Scottish Research and Innovation Futures: Addressing our climate emergency
The climate emergency and major environmental challenges are to be discussed today at the third workshop in a series of meetings delivered in partnership between KTN and Research Innovation Scotland (RIS).
The series aims to influence policy makers and funders about where funding should be directed, in alignment with Scotland’s research and innovation strengths and the UK’s key challenge areas.
Following events held earlier this year exploring health and wellbeing, particularly as we emerge from the pandemic, and a session on digitalisation and sustainable manufacturing, attention now turns to our climate and the environment.
Today’s workshop (7 September), will focus on prioritisation for landscape planning and economic recovery driven by the UK’s Net Zero ambition. This will include examining relative benefits of sustainable and innovative technologies to reduce GHC emissions, such as wind and wave power, waste reduction, circular economy and agricultural methods, while promoting a blue-green recovery. The workshop will compare spatial planning and land use policy approaches across terrestrial, transitional, and marine landscapes and consider “translational benefits” and the sharing of expertise.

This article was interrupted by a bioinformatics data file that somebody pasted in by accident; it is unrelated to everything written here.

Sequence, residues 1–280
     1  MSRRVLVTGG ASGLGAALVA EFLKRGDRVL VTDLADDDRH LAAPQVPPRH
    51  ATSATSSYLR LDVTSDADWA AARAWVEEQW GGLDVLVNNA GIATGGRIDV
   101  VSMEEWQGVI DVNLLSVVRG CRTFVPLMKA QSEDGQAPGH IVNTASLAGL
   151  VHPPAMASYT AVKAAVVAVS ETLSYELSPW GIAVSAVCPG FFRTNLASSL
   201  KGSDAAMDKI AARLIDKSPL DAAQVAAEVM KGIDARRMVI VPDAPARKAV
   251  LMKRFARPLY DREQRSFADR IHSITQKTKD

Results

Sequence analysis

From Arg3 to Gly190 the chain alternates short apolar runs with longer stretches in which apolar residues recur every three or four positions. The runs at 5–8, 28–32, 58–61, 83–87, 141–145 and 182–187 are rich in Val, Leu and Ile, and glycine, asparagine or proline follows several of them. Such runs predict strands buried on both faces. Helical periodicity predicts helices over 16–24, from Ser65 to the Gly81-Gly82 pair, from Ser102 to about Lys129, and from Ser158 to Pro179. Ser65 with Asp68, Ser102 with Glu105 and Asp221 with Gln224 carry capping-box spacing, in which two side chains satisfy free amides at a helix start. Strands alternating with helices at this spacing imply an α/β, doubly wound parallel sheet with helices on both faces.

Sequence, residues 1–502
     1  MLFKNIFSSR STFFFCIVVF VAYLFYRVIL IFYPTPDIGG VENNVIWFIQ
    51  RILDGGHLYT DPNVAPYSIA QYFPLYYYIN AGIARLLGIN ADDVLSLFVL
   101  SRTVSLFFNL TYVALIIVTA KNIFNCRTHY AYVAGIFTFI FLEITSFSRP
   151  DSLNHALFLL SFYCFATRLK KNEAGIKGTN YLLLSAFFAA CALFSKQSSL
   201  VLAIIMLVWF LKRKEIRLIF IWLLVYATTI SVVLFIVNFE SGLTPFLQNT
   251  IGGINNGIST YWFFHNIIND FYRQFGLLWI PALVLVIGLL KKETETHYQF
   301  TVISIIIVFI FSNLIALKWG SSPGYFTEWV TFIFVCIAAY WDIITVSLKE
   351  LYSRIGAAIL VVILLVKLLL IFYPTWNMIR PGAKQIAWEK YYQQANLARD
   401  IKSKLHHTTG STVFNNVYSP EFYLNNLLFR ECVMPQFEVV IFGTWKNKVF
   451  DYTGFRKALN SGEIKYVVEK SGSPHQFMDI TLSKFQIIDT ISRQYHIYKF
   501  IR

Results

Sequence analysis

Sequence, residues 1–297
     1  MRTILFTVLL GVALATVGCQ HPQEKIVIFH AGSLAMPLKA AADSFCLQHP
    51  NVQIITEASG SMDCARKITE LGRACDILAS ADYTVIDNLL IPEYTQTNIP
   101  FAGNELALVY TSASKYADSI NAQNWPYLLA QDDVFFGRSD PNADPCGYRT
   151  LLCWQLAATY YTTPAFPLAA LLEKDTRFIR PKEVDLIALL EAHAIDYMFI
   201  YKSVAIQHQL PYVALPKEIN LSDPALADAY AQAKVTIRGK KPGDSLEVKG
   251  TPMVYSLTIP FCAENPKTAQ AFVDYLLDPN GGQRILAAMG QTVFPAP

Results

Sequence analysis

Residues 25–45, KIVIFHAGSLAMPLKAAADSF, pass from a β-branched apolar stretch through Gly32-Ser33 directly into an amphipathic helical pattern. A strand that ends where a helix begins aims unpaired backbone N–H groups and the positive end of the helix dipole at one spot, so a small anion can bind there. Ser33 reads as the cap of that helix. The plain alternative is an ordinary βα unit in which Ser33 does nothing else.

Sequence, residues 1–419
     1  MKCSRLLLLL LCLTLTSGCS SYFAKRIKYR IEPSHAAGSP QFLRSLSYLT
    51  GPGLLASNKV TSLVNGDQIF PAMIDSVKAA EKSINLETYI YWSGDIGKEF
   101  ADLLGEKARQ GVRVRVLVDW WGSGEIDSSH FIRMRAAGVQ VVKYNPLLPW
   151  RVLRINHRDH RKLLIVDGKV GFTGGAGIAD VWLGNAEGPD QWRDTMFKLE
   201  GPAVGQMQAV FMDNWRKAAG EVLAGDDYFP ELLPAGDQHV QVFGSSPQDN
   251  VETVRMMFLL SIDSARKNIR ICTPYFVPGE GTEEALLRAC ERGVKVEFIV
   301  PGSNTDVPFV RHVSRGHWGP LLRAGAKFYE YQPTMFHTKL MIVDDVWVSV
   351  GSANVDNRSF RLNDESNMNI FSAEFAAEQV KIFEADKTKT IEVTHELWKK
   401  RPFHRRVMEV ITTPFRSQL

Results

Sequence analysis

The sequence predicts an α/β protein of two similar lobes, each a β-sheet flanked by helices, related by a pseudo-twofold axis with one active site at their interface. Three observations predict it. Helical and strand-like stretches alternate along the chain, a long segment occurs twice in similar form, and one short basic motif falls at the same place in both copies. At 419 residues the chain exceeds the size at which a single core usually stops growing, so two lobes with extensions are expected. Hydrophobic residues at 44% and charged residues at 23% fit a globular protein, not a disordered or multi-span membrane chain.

Commenting together, the workshop co-chairs Professor David Paterson, Executive Director of the Marine Alliance for Science & Technology for Scotland (MASTS), and Professor Mark Inall, Scottish Alliance for Geoscience Environment and Society (SAGES) Director said:
“It is often the case that translation of expertise across disciplines is slow and hampered by a lack of clear pathways of communication. The Scottish Research Pools through Research Innovation Scotland, wish to promote cooperation across boundaries to help address the challenges of climate change. In this workshop we will explore challenges and developments across traditional boundaries, landscapes and disciplines and examine the next steps in progress towards Net Zero ambitions.”
Speaking for KTN is Chris Bagley, Head of Infrastructure and Clean Energy, who said:
“We’re proud to be working with Research Innovation Scotland to deliver this series of important workshops. The pandemic has shown us what is possible when we work together and as we emerge from it, we will need to continue working in collaboration with academic and industry partners. Not only are we facing big challenges like climate change, but there are great opportunities available for the UK to lead on, particularly in low carbon energy production, digitalisation, and sustainable manufacturing and infrastructure. KTN’s purpose is to create the diverse connections needed to drive positive change for our economy, environment and society and that’s a fundamental outcome we’re seeking from this initiative.”